Sunburn tells us it’s okay to die

In her TED Talk about the celebration of death in Indonesian culture, anthropologist Kelli Swazey questioned western society’s obsession with labeling death as a stage entirely different from living. She instead suggested that “if we could expand our definition of death to encompass life, we could experience death as part of life and perhaps face death with something other than fear.”

Sunburn does exactly that. It turns the western notion of death on its head and makes it a whimsical, comical event that also saves an entire crew from wandering alone in the dark depths of outer space.

The iOS puzzle game comes with one simple objective: Find your crewmates after separating from your wrecked ship and jump into the sun together. Because if you’re going to die in the vast nothingness that is space, you should at least die with a few friends.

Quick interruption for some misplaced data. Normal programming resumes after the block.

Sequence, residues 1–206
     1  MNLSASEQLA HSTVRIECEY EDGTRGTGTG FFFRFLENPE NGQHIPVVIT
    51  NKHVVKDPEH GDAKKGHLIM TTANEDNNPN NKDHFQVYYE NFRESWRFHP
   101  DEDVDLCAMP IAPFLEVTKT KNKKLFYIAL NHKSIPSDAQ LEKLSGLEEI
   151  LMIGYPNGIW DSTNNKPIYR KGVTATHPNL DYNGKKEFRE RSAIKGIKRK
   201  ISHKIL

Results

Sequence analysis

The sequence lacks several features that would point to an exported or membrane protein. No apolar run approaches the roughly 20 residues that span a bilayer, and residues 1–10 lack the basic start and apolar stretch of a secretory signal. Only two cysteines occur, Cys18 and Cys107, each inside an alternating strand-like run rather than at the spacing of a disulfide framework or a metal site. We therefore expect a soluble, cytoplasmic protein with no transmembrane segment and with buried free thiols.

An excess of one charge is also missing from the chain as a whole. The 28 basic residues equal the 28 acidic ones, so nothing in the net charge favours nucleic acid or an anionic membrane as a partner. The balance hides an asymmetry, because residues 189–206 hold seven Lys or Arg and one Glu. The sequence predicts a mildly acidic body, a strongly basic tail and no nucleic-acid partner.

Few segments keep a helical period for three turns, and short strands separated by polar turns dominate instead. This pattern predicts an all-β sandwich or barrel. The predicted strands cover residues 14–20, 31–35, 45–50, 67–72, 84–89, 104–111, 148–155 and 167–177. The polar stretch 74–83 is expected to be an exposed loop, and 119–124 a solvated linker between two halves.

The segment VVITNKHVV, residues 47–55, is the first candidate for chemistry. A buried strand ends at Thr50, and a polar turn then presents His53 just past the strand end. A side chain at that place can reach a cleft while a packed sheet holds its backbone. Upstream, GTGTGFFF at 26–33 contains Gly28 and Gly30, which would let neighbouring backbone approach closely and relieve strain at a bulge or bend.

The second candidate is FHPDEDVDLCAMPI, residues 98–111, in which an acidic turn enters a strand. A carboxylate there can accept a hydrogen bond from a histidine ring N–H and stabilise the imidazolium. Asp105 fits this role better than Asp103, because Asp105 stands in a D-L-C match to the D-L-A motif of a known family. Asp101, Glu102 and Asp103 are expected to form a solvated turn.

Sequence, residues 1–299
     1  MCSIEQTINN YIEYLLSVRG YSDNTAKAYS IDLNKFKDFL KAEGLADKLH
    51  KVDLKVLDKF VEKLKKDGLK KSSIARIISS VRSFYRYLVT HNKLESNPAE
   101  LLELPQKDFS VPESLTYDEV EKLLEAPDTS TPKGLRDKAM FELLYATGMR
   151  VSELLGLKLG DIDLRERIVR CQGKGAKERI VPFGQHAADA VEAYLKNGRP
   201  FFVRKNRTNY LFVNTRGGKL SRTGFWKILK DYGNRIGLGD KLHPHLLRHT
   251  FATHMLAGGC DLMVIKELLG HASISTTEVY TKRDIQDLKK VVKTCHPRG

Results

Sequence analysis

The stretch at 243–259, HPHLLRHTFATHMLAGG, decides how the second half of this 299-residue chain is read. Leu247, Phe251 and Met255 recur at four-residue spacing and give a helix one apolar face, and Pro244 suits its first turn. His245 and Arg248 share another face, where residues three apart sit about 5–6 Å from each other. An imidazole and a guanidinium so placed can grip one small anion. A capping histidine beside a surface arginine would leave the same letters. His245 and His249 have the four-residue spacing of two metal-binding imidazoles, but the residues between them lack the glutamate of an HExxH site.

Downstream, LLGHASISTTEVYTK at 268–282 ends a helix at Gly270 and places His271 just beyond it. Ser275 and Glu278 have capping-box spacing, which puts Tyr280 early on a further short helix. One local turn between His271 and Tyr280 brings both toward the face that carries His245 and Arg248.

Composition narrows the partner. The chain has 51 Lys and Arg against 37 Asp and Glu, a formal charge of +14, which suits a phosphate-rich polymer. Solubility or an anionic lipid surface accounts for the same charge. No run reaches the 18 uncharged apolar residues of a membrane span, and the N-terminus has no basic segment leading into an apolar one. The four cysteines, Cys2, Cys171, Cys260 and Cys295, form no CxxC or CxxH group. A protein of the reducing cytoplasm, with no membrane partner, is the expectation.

Yes, this may sound painfully morbid, especially considering how most games consider a character’s death to be a fail state, but if we follow Swazey’s guidance, then this group of space explores are not delaying death in space because they fear it; it’s a necessary part of life that brings them all together, happy, safe and sound in the afterlife. 

In Sunburn, death is not meant to be a solitary act, but a celebration of the wonders death brings us.